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For you critics of hedonic regression in the CPI....
Old 12-20-2009, 04:27 PM   #1
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For you critics of hedonic regression in the CPI....

Interesting comparisons.

Got to Admit It’s Gotten Better The Enterprise Blog
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Old 12-20-2009, 04:44 PM   #2
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Interesting, stereo came out in 1958. I'd have guessed 1962-3.
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Old 12-20-2009, 08:23 PM   #3
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Old 12-20-2009, 09:01 PM   #4
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I would imagine that all of the article's examples are dwarfed by the increased cost of housing and energy to a lesser extent.
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Old 12-20-2009, 09:21 PM   #5
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Except housing affordability is at an all time high.

Housing Affordability at Record High - Economix Blog - NYTimes.com
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Old 12-20-2009, 09:50 PM   #6
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Except housing affordability is at an all time high.

Housing Affordability at Record High - Economix Blog - NYTimes.com
Which is a comment on monetary policy and not the relative inflation cost of housing stock over the years. Assuming normalized interest rates, housing affordability would tell a much different story.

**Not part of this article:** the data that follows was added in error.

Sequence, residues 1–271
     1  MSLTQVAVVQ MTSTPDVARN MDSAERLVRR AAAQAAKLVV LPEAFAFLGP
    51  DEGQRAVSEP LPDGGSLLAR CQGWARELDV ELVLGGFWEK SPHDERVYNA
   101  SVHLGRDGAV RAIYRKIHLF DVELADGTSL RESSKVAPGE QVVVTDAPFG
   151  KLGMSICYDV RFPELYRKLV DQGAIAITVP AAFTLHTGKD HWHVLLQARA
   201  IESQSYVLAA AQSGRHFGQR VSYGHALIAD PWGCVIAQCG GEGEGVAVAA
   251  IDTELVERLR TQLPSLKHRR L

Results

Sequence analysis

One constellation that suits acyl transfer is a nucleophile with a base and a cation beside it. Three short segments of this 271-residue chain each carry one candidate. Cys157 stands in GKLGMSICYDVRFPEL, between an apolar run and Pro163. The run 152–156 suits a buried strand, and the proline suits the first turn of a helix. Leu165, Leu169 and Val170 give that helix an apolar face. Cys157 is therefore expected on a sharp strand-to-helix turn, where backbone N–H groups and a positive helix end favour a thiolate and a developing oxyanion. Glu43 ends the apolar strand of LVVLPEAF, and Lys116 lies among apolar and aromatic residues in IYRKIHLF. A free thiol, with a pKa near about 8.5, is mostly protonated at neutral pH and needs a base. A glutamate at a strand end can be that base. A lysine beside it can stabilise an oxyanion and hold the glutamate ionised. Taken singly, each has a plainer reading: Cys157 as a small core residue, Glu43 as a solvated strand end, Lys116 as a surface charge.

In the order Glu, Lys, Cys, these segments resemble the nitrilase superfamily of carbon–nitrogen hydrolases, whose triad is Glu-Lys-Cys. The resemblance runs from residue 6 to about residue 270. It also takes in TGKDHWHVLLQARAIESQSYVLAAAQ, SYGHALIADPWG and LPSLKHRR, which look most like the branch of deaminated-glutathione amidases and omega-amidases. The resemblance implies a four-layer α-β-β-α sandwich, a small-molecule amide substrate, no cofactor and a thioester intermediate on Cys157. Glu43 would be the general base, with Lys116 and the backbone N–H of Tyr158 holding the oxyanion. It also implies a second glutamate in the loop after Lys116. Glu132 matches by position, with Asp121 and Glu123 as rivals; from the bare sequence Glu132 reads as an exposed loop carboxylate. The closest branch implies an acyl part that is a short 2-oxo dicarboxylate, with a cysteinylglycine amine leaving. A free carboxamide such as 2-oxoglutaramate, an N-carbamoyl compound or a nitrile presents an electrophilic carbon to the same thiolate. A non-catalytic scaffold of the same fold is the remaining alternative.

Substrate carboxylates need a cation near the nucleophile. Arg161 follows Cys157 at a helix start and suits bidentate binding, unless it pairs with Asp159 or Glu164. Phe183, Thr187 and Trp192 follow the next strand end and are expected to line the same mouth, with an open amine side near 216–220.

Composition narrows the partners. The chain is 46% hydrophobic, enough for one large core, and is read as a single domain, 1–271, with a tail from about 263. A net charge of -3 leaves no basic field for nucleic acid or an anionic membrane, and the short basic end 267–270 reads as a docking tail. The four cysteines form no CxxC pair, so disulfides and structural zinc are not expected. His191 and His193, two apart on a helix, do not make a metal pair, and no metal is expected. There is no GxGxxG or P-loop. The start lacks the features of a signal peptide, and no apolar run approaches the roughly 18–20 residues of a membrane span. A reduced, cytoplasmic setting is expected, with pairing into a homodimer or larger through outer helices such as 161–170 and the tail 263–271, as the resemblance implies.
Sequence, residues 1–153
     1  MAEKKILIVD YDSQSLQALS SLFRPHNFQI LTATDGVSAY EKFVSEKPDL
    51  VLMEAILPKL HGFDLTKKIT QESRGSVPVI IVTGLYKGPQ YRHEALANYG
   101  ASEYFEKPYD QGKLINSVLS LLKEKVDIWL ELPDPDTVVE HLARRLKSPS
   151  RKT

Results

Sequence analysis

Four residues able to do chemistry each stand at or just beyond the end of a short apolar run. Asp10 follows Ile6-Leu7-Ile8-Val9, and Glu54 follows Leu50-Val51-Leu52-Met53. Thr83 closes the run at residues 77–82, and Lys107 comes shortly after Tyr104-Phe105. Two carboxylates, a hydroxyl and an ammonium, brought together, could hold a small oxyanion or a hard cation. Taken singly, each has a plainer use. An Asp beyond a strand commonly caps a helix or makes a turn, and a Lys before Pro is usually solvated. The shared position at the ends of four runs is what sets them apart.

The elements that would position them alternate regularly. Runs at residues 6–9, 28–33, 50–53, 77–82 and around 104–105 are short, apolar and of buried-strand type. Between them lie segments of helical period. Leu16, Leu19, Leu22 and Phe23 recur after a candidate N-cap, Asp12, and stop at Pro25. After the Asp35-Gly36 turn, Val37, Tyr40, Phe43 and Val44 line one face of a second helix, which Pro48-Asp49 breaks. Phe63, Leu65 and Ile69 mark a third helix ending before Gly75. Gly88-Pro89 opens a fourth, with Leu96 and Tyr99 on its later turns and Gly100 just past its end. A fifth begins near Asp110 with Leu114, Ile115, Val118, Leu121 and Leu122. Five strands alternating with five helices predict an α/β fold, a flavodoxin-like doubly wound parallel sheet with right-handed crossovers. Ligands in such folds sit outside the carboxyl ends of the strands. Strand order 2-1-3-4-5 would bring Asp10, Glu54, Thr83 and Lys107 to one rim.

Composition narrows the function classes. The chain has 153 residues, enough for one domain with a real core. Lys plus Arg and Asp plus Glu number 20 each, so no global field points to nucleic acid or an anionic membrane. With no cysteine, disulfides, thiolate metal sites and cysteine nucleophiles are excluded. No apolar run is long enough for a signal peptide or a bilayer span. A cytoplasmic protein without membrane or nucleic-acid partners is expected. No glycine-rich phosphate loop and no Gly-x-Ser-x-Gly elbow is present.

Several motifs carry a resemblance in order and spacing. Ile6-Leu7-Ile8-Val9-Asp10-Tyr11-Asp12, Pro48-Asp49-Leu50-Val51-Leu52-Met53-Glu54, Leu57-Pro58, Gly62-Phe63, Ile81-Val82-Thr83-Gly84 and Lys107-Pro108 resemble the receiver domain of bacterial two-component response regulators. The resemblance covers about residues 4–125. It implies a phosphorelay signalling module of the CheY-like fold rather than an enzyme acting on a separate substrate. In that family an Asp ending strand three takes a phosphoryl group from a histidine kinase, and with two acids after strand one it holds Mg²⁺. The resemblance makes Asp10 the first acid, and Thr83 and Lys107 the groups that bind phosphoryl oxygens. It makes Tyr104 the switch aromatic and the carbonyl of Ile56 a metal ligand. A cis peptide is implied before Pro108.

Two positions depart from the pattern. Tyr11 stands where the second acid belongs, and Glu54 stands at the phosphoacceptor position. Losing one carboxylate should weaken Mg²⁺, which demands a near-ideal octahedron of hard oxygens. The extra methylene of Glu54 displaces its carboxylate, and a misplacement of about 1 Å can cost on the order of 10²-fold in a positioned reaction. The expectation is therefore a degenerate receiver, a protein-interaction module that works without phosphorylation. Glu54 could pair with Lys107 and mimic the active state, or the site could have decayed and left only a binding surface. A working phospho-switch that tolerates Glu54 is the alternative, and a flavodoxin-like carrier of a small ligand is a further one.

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Old 12-21-2009, 06:01 AM   #7
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That might be true, Lars, but then rising interest rates would necessarily affect house prices (reducing them) so its not particularly meaningful to normalize interest rates keeping housing prices the same.

Here's the same blogger talking about food and energy cost trends:

Long-term Lifestyle Trends Prove Positive The Enterprise Blog
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Old 12-21-2009, 09:02 AM   #8
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This guy seems to like this theme. Here is another post he did elsewhere that I found when I was looking for the time cost for non-electronic goodies (can't link to image): CARPE DIEM: Time Cost of Goods: Yesterday vs. Today

The time cost for automobiles was very interesting, 4,696 hrs in 1908 vs. 1,365 today. The choice of dates seems a little odd, though, I wonder what it would be for the 1950s or 1960s.
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Old 12-21-2009, 09:15 AM   #9
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There's a pretty interesting disconnect between the long-term price history of discretionary "stuff" and the long-term price of essentials. Much of it reflects a long history of wages outpacing inflation for a few decades in the boom after WW2, but that train appears to have left the station.

I do expect tech to continue to get considerably cheaper in real terms, but I have a hard time seeing how the cost of household essentials like food, energy, utilities, health care and taxes can do anything but match (or exceed) wage growth overall for the foreseeable future. I hope I'm wrong, but I don't see it. Past performance is no guarantee of anything, and we're not living in the "worker utopia" of the first 2-3 decades after WW2 before global competition kicked in big time to begin changing the rules and ended the "wages beating inflation" expectation.

I'd be interested to see what would happen if the price and "hours worked for X" were plotted for the essentials, and starting from (say) the mid 1970s. I suspect the results would be drastically different than technology items plotted from the '50s.